In a Small Michigan Town, Even Meryl Streep Has To Cool Her Heels Amid a Small Act of Decency

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movie theater.JPGCharlevoix, MI.---This is a town of fewer than 3,000 people, and it includes a dinky and charming movie theater with three small screens. After the previews preceding Julie&Julia the other night, the manager surfaced, the lights went back on and an unusual announcement came:

"Ladies and gentlemen, there are three cars parked right in front of Oleson's [a food market] in the lot across the street, and they're going to be towed if they're there much longer. So I just ask if the owners can move them somewhere else in the lot, then we can start the movie."

In Chicago or New York, it's safe to say that his counterpart wouldn't lift a finger even if he or she saw a small army of gang bangers breaking windshields, hot wiring the vehicles and brazenly heading down the avenue.

Here, small town America, he was offering a gentle admonition as a courtesy to his patrons. And the patrons, clearly grateful, were not only receptive but willing to wait as the offending car owners exited the theater, ambled across the street, stuck their cars elsewhere and returned about five minutes later.

There was no grousing among the 40 or so left behind. No big city egos on display. Of course, it would be hard to take issue with a manager (a politics maven who clearly devours MSNBC and recently simultaneously gave me my change and asked about Sarah Palin) whose daily, recorded message on the theater phone line is so informally alluring:

"Julie&Julia is here. Very popular, especially with middle-aged and older folks...G.I. Joe is for a younger audience, action packed adventure, no sensuality...Funny People, the raucous comedy, stars Adam Sandler....Thanks for calling. Air conditioning's on. Come on down."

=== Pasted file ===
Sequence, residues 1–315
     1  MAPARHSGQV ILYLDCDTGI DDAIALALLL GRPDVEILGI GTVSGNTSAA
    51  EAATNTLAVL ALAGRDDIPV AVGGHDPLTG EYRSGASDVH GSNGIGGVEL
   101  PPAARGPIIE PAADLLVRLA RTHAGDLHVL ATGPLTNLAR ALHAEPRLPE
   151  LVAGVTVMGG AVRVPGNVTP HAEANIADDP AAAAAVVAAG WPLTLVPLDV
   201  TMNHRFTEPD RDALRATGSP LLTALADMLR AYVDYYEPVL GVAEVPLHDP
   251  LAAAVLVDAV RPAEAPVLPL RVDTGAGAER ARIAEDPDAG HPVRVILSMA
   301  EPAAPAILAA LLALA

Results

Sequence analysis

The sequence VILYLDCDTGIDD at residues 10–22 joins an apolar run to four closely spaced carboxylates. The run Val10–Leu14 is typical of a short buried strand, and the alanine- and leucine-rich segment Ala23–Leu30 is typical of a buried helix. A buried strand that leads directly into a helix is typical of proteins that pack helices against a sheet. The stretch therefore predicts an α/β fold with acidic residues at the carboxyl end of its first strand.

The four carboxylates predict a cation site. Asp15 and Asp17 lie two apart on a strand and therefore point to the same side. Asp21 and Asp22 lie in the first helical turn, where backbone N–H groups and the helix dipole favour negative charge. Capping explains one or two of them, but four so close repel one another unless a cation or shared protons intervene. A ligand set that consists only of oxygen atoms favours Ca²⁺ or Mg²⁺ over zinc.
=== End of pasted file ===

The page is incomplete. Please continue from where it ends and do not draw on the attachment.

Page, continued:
And, would you believe, as we waited, there was apparently no cell phone calls or texting. People just talked among themselves until their fellow patrons made it back, the lights went down and wondrous Meryl Streep belatedly appeared on screen. Of course, the penchant to equate small-town America with the idyllic can be exaggerated. The local weekly paper, after all, informed me of the following that same day:

--A 19-year-old was sentenced to a year in jail for an attempted home invasion. --A 44-year-old man was sentenced to 270 days in jail for receiving and concealing stolen property of $1,000 or more but less than $20,000.

--A resident reported damage to a neighbor's dock, hoist and vessel at around 2 a.m. "It was thought that the striking vessel must have been damaged severely as well and could have easily sunk nearby."

There's no sign of the vessel. Residents who might have information on this apparent hit-and-run boating fracas are asked to contact authorities. Small-town decency clearly has its limits.

(Photo Credit: http://www.flickr.com/photos/papalars/2973245705)

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James Warren is the Chicago editor of the Daily Beast/Newsweek and an MSNBC analyst. He's former managing editor of the Chicago Tribune. More

James Warren is a former manager, editor and Washington bureau chief of The Chicago Tribune. An ink-stained wretch, he's labored at The Newark Star-Ledger, The Chicago Sun-Times, and the Tribune in a variety of positions, including financial reporter, legal affairs reporter-columnist, labor writer, media writer-columnist and features editor. The Washingtonian once tagged him one of the town's 50 most influential journalists (he thinks he was 46, the number worn by Andy Pettitte, a pitcher for his beloved New York Yankees). He's a political analyst for MSNBC. He was recently publisher and president of the Chicago Reader, and is now policy columnist for Business Week and twice-a-week Chicago columnist for The New York Times (you can find his handiwork on the paper's website and on new Chicago pages produced for Friday's and Sunday's Midwest print editions by the nonprofit Chicago News Cooperative, which he held to start). A native New Yorker, he's a happy resident of the wonderful, if ethically challenged, City of Chicago, where he lives just north of decaying Wrigley Field with his Pulitzer Prize-winning wife, Cornelia, and their sons, Blair and Eliot. Blair's t-ball team is, yes, the Yankees.

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